Early on in the Assessment Phase, OGA and the Field Operator should communicate with each other. Once the decision has been made on the development concept, the Field Operator should provide a Concept Select Report to OGA that outlines the information that led to the decision. OGA will work with Licensees to ensure that the development option agreed is that which is most likely to secure the maximum value of economically recoverable petroleum from the strata beneath UK waters. OGA considers the economics of field developments as part of the assessment of FDPs. Operators must therefore include details of the project economics – including the various development options being considered – within the Concept Select Report in the format of the Standard Economics Template. MER UK is achieved when a development maximises the net present value (NPV) of economically recoverable petroleum from the UKCS, taking into account the effect on recovery from other fields and the impact on infrastructure. In ranking options, OGA will focus on pre-tax NPVs calculated using an appropriate discount rate (currently, 10 per cent real), excluding costs such as capital repayment and the costs of financing.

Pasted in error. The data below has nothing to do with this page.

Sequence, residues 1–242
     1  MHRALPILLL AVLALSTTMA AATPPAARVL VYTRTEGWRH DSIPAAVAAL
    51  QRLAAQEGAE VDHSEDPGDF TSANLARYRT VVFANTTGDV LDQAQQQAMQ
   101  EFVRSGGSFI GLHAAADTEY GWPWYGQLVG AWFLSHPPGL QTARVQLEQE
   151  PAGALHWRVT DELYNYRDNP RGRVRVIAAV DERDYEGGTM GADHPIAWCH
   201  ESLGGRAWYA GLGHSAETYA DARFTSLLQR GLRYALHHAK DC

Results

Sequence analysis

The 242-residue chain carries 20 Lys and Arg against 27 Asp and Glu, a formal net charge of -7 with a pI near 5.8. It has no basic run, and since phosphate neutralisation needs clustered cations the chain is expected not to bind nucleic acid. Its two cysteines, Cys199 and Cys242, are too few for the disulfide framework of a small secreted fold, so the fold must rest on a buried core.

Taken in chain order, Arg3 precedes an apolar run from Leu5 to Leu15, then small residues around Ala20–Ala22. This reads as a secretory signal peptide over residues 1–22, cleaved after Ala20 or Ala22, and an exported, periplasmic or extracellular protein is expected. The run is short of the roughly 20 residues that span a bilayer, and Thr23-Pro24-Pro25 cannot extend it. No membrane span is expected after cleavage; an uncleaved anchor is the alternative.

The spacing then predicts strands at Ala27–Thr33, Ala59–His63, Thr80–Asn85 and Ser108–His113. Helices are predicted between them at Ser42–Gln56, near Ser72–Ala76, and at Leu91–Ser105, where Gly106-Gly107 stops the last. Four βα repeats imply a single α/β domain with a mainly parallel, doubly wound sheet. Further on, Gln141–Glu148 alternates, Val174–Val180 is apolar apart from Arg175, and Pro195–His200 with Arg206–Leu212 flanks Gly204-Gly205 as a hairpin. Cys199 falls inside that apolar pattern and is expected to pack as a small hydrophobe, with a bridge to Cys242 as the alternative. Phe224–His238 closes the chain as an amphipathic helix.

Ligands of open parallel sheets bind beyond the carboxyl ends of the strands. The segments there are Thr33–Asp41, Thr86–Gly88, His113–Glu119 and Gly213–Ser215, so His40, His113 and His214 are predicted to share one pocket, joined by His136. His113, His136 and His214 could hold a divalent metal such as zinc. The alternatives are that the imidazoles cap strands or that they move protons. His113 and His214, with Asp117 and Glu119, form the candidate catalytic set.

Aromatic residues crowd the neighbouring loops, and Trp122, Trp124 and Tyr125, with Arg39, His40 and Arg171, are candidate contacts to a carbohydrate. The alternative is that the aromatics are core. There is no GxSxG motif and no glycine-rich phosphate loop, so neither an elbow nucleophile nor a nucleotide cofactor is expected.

When reviewing new field development proposals which have implications for future infrastructure utilisation OGA will evaluate if the proposals support the MER UK Strategy, which may include:
- Avoiding the unnecessary proliferation of oil and gas pipelines
- Aiding, where feasible, future field developments, including those outside the licence area.
For most offshore fields, it is expected that Licensees will put forward a plan covering the lifecycle of the development. OGA recognises that there may be valid reasons for more gradual or flexible approaches to some developments stemming from geological or engineering uncertainty, infrastructure constraints or the benefits of phasing expenditure. OGA will support such approaches where consistent with the fulfilment of the principal objective of MER UK. The alternatives to full lifecycle developments that are commonly proposed include Extended Well Test, Phased Development and Satellite Tie-back and these are all addressed in the guidance. The guidance also considers aspects of good oilfield practice including with regard to gas venting/flaring and measurement of hydrocarbons.